A day before the conference began, on Saturday, May 25, millions of people around the world participated in the March Against Monsanto. In Asheville, ArborGen was a major focus of the March Against Monsanto, attended by over 1,000 people.

Tom Llewellyn of the REAL Cooperative drew the links between Monsanto and ArborGen during the march. “Many Monsanto employees have gone to work at ArborGen, including many of their executive staff. Monsanto was even an early partner in the forest biotechnology venture that later became ArborGen.”

On Tuesday, May 28, over 200 activists from around the US descended upon the conference center during the largest protest to date against the GE tree industry. Citing concerns over the devastating impacts that GE eucalyptus, pine and poplar plantations would have on the biodiverse forests of the world, the crowd rallied for four hours outside of the conference, chanting slogans such as “GE trees—tear ‘em up, ArborGen—shut ‘em down!”

Linking the GE tree industry to controversial GMO seed companies like Monsanto could have a crippling effect on investment and public acceptance of field trials and commercial applications.

Industry in crisis 

As protests raged outside, FuturaGene, a Brazilian/Israeli company, held a panel discussion titled, “Forest Biotech at the Crossroads: What Does the Future Hold?” The panel was mired by debate around public opposition to the GE tree industry.

Adam Costanza of the Institute for Forest Biotechnology and formerly with International Paper explained his interpretation of the public’s opposition to GE trees. “Public perception is not awareness,” he argued. “Regarding those with ethical questions [about GE trees], facts are not useful for them,” adding that “concerns are not based on science.”

On Thursday, three demonstrators were brutally arrested after attempting to wrap a bus full of conference attendees in “GMO caution tape.” The buses were headed to a dinner at the Biltmore Estate, a pillar of modern industrial forestry in the US.

Johanna Anderson, a local organizer with Katuah Earth First!, was among those arrested. “Trees should not be burned for fuel. Those proposing bioenergy say it is a solution to climate change, which is a disturbing lie,” she said. “Monoculture plantations for bioenergy are already displacing Indigenous Peoples and local communities all over the world, and will have a major impact on rural livelihoods and biodiversity here in the US South.”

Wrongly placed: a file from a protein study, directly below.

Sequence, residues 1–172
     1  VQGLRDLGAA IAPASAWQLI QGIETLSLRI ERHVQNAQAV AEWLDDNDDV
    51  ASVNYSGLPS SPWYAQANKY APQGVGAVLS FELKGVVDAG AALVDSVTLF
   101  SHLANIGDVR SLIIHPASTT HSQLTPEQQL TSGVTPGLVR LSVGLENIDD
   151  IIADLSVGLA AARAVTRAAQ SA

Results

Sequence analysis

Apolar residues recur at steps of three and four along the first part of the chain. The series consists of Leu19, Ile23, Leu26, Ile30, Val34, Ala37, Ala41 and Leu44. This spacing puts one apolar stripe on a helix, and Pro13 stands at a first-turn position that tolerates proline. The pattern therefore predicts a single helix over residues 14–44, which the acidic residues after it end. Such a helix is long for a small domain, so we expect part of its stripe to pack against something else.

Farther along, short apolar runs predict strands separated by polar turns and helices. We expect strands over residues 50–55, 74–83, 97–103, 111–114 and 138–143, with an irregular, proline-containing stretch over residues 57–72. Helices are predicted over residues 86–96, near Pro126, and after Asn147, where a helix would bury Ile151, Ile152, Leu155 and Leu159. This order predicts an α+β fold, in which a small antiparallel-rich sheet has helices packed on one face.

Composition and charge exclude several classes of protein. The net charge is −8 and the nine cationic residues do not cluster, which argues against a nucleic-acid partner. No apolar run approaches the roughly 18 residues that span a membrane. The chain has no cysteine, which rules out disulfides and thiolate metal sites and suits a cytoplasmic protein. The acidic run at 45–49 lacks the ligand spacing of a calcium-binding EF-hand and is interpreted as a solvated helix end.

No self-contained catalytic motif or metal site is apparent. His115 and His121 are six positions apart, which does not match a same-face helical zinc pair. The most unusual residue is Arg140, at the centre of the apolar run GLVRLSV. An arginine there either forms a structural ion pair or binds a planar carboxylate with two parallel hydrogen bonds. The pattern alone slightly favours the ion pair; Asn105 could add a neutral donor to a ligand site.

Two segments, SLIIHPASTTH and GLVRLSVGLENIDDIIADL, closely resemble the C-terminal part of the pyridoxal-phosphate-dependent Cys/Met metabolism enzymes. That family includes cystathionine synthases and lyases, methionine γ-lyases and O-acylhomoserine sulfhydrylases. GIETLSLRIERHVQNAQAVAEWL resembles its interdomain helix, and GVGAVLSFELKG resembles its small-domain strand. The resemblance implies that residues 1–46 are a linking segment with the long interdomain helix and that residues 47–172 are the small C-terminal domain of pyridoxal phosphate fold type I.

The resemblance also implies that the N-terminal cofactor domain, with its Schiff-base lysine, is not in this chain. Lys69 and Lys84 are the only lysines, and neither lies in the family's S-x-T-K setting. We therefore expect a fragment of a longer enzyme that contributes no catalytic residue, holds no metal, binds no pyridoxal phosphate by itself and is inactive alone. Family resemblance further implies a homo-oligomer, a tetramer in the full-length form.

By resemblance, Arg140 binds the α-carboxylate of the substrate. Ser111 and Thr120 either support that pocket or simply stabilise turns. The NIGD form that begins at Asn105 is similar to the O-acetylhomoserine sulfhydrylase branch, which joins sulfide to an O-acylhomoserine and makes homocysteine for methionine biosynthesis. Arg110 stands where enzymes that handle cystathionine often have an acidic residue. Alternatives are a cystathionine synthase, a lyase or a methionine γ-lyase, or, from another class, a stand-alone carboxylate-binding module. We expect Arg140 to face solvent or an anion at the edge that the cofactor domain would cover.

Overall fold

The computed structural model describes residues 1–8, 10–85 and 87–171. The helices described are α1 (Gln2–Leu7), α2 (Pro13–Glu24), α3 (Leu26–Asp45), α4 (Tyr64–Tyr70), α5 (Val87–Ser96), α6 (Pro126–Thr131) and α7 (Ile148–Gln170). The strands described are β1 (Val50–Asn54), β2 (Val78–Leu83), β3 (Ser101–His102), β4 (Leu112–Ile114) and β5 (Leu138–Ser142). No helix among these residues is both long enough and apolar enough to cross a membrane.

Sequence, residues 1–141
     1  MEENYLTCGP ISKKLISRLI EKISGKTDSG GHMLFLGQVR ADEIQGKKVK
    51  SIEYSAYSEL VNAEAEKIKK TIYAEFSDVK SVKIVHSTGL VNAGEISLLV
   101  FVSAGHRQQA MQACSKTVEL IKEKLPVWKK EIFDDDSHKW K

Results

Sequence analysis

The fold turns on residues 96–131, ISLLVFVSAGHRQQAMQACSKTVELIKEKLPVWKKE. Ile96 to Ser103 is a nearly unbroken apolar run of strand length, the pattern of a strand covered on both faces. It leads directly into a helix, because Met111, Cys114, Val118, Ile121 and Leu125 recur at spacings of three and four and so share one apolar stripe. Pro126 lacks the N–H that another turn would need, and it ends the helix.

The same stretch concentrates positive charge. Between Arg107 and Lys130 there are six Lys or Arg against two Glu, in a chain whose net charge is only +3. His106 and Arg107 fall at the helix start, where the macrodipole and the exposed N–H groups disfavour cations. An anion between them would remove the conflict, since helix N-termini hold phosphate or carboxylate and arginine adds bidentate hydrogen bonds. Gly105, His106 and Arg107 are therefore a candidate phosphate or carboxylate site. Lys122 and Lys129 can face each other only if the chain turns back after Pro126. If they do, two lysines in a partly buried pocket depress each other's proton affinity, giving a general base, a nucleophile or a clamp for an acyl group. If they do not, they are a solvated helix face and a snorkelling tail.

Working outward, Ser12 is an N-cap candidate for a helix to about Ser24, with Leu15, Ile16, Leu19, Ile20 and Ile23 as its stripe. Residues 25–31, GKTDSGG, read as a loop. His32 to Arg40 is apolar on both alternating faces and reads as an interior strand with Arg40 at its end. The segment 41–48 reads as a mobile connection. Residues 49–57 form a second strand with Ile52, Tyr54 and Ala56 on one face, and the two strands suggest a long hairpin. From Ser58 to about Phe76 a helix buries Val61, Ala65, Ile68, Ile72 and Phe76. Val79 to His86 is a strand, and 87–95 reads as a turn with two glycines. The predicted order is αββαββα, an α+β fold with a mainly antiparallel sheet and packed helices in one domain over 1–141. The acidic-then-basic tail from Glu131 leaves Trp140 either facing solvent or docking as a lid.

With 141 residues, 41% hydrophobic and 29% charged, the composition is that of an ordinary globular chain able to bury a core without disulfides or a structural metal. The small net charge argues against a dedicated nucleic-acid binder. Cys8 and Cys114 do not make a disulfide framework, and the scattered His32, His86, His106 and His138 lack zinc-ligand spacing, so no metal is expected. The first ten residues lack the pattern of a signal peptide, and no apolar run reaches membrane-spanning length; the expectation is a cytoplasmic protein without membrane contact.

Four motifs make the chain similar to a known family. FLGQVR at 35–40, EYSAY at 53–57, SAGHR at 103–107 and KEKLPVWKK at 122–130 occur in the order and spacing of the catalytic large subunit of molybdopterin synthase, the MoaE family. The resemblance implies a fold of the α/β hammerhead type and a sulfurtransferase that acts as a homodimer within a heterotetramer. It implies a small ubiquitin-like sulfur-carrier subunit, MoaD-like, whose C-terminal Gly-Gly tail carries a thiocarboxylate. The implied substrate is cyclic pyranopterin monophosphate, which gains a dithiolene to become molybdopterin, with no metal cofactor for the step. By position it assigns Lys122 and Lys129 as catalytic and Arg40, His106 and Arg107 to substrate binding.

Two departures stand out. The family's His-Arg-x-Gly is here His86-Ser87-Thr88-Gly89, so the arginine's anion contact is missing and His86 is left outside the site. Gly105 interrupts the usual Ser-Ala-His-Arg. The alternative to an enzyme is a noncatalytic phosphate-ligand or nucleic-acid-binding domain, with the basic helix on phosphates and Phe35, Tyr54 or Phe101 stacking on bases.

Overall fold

A grassroots campaign to prevent GE tree plantations from devastating the southern US was launched with the week of action against the Tree Biotechnology conference. Activists are committed to stopping all proposed applications of GE trees in the region.

For Asheville residents, the impacts of burning trees to create electricity are extremely relevant, as Progress Energy—the city’s major utility—has a deal pending to purchase electricity produced by Florida-based EcoGen. EcoGen plans to establish eucalyptus plantations in Florida to fuel twenty biomass incinerators and pellet facilities across the region. ArborGen’s cold-tolerant eucalyptus would enable the expansion of these plantations as far north as South Carolina.

After her arrest on Monday, Laura Sorenson said, “We know that GE trees are a disaster for forests and biodiversity. With predictions of worsening extreme weather in our region, the last thing we need are highly flammable and invasive plantations of water-hungry eucalyptus trees. As a grandmother, I see no future in this for my grandchildren.”

The Tree Biotechnology 2015 conference will take place in Florence, Italy.

The week of protests against the Tree Biotechnology 2013 conference was organized by the Campaign to STOP GE Trees, Katuah Earth First!, Croatan Earth First!, REAL Cooperative, Everglades Earth First!Global Forest CoalitionBiofuelwatch and Global Justice Ecology Project.

For more photos and coverage from the week of protests, visit treebiotech2013.org

To sign the petition demanding a ban on GE trees, visit globaljusticeecology.org/petition.php

Biomass Opponents Silenced by North Carolina Commission

– by Josh Schlossberg, August 31, 2012, The Biomass Monitor